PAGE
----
A contractor must generally prove three elements to demonstrate that a constructive change occurred: (1) A change occurred either as the result of government action or inaction, Kos Kam, Inc., ASBCA No. 34682, 92-1 BCA ¶ 24,546; (2) The contractor did not perform voluntarily. Jowett, Inc., ASBCA No. 47364, 94-3 BCA ¶ 27,110; and (3) The change resulted in an increase (or a decrease) in the cost or the time of performance. Advanced Mech. Servs., Inc., ASBCA No. 38832, 94-3 BCA ¶ 26,964.
Contractors must continue to perform all required work until disputes are resolved if those disputes arise “under the contract.” FAR 52.233-1(i). Contractors bear the initial risk of nonperformance pending the outcome. Therefore, contractors usually perform according to the requirements of a constructive change and file a claim for equitable adjustment or breach damages. Administration of Government Contracts, 431-5.
The most litigated constructive changes can be broken down into five general categories. First, the change may arise out of a dispute over contract interpretation. In this scenario, the government insists that the contract terms dictate a specific manner and scope of the work to be performed, while the contractor disagrees with the Government’s interpretation. See Ralph C. Nash, Jr. & Steven W. Feldman, Government Contract Changes 340 (3d ed. 2007). Second, the change may arise out of a defect in the contract’s specifications. The government’s liability varies based on the type of specification included in the contract.
Third, the change may arise out of the Government’s interference with performance and failure to cooperate with performance. Examples of such claims would be that the Government overzealously inspected the contractor’s work, Neal & Co., Inc. v. United States, 36 Fed. Cl. 600 (1996) (“nit-picking punch list” held to be overzealous inspection); was generally incompetent, Harvey C. Jones, Inc., IBCA No. 2070, 90-2 BCA ¶ 22,762.; or didn’t provide assistance necessary for efficient contractor performance Chris Berg, Inc. v. United States, 197 Ct. Cl. 503, 455 F.2d 1037 (1972) (implied requirement); or failed to provide access to the work site, Summit Contractors, Inc. v. United States, 23 Cl. Ct. 333 (1991) (absent specific warranty, site unavailability must be due to government’s fault).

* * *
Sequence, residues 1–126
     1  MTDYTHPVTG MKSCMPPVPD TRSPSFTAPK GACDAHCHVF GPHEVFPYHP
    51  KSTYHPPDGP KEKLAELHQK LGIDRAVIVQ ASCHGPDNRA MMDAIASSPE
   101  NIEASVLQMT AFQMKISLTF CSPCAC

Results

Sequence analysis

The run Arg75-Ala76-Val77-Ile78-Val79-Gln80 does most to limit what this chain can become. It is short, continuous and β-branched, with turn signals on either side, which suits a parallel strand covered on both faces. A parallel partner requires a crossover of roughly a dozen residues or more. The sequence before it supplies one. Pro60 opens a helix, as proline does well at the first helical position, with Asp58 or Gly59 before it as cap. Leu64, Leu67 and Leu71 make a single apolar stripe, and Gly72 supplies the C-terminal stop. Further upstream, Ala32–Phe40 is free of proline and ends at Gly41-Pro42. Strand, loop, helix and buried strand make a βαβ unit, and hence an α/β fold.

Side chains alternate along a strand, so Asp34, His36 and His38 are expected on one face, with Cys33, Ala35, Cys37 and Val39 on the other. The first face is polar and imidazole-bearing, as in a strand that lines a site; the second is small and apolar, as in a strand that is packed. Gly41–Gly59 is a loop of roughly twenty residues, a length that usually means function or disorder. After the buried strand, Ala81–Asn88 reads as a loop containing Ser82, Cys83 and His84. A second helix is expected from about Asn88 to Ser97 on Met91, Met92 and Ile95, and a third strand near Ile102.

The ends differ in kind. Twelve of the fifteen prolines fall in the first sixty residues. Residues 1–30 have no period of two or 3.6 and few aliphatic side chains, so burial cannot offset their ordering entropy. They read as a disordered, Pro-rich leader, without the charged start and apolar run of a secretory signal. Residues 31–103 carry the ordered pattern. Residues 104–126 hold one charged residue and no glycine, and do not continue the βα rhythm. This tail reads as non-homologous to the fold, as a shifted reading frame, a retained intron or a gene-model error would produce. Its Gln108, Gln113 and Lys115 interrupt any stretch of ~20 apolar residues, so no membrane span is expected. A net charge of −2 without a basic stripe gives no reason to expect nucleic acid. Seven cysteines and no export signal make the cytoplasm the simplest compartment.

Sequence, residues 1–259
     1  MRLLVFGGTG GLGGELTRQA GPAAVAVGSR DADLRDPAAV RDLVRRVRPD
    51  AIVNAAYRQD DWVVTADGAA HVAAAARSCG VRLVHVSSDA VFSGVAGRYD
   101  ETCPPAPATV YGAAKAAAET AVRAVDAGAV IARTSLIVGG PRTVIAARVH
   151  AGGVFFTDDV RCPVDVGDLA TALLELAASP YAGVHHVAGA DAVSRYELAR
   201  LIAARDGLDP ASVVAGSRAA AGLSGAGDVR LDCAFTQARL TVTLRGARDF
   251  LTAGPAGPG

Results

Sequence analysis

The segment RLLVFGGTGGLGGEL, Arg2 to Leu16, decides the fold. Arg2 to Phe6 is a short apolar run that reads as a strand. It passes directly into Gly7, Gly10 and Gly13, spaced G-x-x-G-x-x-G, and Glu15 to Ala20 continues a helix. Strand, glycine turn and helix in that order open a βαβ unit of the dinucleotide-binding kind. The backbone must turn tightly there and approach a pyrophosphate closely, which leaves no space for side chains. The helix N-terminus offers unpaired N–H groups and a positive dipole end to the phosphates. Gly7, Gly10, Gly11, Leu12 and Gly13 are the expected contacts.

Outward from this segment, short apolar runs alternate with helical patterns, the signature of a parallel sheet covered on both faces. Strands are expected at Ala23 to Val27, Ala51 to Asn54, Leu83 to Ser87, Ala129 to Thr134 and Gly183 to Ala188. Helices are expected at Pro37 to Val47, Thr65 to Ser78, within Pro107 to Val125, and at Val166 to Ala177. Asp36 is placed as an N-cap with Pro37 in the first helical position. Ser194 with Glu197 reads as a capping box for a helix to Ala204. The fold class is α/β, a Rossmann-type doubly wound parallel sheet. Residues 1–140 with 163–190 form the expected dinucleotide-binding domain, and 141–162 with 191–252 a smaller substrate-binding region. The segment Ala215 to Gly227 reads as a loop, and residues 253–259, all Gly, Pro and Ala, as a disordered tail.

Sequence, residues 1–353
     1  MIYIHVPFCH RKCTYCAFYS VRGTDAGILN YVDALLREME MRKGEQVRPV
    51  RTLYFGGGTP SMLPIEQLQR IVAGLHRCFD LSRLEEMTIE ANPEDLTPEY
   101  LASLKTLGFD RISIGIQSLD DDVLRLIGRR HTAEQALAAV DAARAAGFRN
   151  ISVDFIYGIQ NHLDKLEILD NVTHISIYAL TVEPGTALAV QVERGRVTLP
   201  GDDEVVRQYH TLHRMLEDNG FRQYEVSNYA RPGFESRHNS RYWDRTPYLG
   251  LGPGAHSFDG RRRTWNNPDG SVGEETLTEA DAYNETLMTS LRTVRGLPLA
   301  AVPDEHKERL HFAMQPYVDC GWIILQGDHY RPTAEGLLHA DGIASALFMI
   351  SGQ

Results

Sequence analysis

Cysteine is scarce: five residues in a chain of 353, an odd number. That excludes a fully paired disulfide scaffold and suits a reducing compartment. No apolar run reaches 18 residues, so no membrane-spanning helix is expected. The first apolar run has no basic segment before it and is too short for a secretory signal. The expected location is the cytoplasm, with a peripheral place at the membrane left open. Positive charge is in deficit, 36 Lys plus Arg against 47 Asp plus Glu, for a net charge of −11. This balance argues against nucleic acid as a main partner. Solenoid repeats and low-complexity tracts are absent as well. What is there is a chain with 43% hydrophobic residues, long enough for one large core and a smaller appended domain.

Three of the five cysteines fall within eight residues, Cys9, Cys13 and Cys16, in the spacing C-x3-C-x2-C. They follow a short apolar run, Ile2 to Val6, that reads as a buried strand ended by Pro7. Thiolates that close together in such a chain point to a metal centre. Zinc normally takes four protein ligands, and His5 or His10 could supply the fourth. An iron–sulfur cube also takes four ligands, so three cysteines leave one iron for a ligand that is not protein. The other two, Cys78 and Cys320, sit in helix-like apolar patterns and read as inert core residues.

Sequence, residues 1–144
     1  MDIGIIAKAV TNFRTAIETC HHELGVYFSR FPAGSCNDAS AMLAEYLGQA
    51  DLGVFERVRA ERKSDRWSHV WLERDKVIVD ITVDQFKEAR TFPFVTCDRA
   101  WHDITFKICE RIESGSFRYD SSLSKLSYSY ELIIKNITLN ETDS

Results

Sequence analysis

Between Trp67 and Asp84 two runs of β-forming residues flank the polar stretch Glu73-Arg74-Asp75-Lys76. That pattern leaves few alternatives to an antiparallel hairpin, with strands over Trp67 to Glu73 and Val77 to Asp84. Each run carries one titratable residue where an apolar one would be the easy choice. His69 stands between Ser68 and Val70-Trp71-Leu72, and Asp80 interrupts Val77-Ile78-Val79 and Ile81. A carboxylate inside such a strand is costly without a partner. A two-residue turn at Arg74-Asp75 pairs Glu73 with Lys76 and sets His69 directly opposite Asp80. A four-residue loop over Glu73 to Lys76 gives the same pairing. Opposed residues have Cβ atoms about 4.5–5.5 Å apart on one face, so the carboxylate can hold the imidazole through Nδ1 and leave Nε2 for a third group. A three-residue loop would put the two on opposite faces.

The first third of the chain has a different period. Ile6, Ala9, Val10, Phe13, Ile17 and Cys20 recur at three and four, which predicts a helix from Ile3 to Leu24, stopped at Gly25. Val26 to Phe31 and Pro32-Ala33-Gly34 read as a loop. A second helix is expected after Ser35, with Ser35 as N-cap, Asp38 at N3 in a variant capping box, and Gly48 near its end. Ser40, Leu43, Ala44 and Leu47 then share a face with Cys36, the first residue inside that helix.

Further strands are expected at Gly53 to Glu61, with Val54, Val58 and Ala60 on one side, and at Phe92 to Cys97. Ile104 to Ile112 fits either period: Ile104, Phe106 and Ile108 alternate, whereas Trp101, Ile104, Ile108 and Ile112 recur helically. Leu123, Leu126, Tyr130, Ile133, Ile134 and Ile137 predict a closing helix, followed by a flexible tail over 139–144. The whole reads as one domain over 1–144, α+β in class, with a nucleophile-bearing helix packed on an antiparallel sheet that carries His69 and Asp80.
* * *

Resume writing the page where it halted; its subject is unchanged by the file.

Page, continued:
Fourth, the change may arise out of the Government’s failure to disclose vital information, otherwise known as the “superior knowledge doctrine”. Under this doctrine, a contracting agency has an implied duty to disclose to a contractor “otherwise unavailable information” of a novel matter vital to the performance of the contract where (1) “a contractor undertook to perform without vital knowledge of a fact that affects performance costs or duration;” (2) “the government was aware the contractor had no knowledge of and had no reason to obtain such information;” (3) “any contract specification supplied misled the contractor or did not put it on notice to inquire;” and (4) “the government failed to provide the relevant information.” Fed. Grp., Inc. v. United States, 67 Fed. Cl. 87, 100 (2005) (citing Giesler v. United States, 232 F.3d 864, 866 (Fed. Cir. 2000).
Finally, the change may arise out of a constructive acceleration of contract performance. In this scenario, the contractor encounters an excusable delay, which entitled it to an extension of the contract schedule, but for whatever reason, the CO refuses to recognize a new contract schedule and demands that the contractor complete performance within the original contract period.